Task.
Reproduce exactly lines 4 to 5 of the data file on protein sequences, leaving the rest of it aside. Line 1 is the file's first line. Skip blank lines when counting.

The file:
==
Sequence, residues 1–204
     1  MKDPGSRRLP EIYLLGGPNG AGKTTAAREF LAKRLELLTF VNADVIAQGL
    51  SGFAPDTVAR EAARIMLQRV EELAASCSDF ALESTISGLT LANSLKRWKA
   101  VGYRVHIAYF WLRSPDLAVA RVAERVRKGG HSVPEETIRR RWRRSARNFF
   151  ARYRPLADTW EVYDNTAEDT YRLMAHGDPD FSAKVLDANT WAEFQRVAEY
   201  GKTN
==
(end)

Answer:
   101  VGYRVHIAYF WLRSPDLAVA RVAERVRKGG HSVPEETIRR RWRRSARNFF
   151  ARYRPLADTW EVYDNTAEDT YRLMAHGDPD FSAKVLDANT WAEFQRVAEY